|Delivery length / details
|10 x 2 Hour Seminars
|Assessment length / details
|Oral assessment (1,000 words)
|Written project (4,000 words)
|Written essay in lieu of oral assessment (1,000 words)
|Written assignment (4,000 words)
On successful completion of this module students should be able to:
1. Demonstrate an understanding of the key changes in British society and culture 1960-1980.
2. Interpret the past for a variety of audiences while demonstrating an awareness of the key ideas in heritage studies, including authenticity, value, and political power.
3. Engage critically with how the 60s/70s are interpreted in the present, both in the media and as forms of official and unofficial heritage.
4. Demonstrate an ability to understand and critically analyse heritage legislation.
5. Understand how to look at the discipline of academic history through the lens of heritage theories.
2. Americanisation and the rise of consumerism
3. Women: work, home and feminism
4.Race relations: a hidden history
5. Ableism, homophobia and mental health: then & now
6. Politics: trouble at home and abroad
7. Britain in chaos: the oil crisis and miners’ strike
8. Counterculture: or, how to escape
9. A united kingdom? Constituent parts of the UK in the 60s/70s
10. Looking onwards to Thatcher and the 80s
This module explores the contemporary heritage of British society and culture in the period from 1960 to 1980. It engages with a range of primary resources including films, music and material artefacts to explore the ways in which the period is interpreted and understood. Britain experienced significant change in the 1960s and 1970s and these two decades saw tumultuous changes, affecting everything from the rhythm of daily life to Britain’s position in the world. While many structures of society remained the same, the period had a lasting impact that we still recognise today. Each session is split into two parts: the first covers a historical theme, and the second explores how it has been portrayed and preserved in contemporary media and heritage. We’ll be thinking about if/how the facts have been distorted, what is under- or over-represented, and the suitability of official protection that has been applied to its tangible and intangible legacy.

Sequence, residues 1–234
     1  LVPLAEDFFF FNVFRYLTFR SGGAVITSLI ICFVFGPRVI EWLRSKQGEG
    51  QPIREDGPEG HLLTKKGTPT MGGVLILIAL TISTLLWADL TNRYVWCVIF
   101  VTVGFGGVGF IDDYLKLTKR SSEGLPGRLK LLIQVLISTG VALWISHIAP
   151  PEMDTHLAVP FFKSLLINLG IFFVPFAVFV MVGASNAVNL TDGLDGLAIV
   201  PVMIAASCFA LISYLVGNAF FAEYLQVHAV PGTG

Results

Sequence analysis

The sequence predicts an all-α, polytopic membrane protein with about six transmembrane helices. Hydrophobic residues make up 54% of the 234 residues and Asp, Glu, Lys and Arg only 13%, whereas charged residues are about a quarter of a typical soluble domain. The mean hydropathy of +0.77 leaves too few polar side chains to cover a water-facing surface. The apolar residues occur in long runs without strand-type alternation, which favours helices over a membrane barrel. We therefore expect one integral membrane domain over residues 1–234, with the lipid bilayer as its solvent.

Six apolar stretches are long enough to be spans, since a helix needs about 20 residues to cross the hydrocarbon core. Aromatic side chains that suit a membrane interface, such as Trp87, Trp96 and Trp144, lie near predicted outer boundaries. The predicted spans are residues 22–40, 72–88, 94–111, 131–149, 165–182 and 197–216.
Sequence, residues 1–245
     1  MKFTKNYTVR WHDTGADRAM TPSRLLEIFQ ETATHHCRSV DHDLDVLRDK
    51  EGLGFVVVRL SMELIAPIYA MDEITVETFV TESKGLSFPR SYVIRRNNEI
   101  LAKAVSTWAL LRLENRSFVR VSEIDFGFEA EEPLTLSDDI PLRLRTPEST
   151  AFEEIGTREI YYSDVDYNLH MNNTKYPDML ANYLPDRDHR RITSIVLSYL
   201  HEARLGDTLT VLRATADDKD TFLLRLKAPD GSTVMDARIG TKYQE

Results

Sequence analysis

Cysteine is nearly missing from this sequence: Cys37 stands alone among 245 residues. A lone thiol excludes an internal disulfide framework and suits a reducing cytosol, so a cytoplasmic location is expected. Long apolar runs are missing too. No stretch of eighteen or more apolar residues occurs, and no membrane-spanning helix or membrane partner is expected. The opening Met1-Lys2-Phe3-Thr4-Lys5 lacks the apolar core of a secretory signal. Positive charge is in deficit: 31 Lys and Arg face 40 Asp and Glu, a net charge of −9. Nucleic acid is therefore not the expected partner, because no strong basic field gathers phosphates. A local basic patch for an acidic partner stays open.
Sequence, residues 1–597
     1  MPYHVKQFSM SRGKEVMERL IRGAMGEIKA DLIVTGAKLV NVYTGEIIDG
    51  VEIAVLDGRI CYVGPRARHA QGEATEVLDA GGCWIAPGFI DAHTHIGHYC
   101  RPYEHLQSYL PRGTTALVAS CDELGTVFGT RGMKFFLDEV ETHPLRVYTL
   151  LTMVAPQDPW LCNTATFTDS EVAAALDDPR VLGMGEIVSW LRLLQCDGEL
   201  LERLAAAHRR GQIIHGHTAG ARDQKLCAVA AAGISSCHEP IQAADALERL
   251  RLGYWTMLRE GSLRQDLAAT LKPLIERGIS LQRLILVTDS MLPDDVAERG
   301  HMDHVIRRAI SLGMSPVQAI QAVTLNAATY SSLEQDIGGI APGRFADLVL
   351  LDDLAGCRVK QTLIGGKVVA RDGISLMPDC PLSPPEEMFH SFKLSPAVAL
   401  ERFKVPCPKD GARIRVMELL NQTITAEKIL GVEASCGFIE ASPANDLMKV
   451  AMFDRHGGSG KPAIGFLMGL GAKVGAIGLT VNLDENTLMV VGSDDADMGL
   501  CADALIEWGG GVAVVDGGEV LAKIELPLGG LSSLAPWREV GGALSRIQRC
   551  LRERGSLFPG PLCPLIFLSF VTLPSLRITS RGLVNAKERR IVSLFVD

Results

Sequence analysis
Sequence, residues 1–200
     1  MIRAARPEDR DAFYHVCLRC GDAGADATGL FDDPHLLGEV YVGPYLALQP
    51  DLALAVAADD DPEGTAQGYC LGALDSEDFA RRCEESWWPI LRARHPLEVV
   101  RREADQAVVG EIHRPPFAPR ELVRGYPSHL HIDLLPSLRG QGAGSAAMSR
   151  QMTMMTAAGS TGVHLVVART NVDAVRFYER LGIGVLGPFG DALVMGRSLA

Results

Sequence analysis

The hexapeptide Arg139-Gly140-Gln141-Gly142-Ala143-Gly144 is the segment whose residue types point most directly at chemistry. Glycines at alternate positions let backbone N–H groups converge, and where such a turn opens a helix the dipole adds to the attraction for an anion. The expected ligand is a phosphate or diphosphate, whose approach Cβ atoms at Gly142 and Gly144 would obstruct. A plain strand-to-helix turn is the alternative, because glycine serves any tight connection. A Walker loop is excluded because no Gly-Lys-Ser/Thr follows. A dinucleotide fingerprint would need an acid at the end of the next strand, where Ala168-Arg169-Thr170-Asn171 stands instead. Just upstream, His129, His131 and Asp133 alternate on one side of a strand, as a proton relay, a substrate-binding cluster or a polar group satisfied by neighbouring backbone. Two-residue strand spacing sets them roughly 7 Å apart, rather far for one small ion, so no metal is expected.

|Application of Number
|Written communication skills will be developed through the coursework and written examination; skills in oral presentation will be developed in seminars.
|Improving own Learning and Performance
|Students will be advised on how to improve research and communication skills through the individual tutorial providing feedback on submitted coursework.
|Students will be encouraged to locate suitable material on the web and to apply it appropriately to their own work. Students will also be expected to word-process their work and make use of Blackboard. These skills will not be formally assessed.
|Personal Development and Career planning
|Students will develop a range of transferable skills, including time management and communication skills, which may help them identify their personal strengths as they consider potential career paths.
|Students are expected to note and respond to historical problems which arise as part of the study of this subject area and to undertake suitable research for seminars and essays.
|Students will develop their research skills by reading a range of texts and evaluating their usefulness in preparation for the coursework and the written examination.
|Subject Specific Skills
|The module will develop a knowledge of heritage theory and how to apply it to a variety of contexts, skill in using interdisciplinary research methods, and the ability to use a variety of resources including heritage legislation, audiovisual media, and material culture.
|Students will be expected to play an active part in group activities (e.g. short group presentations in seminars) and to learn to evaluate their own contribution to such activities.
This module is at CQFW Level 5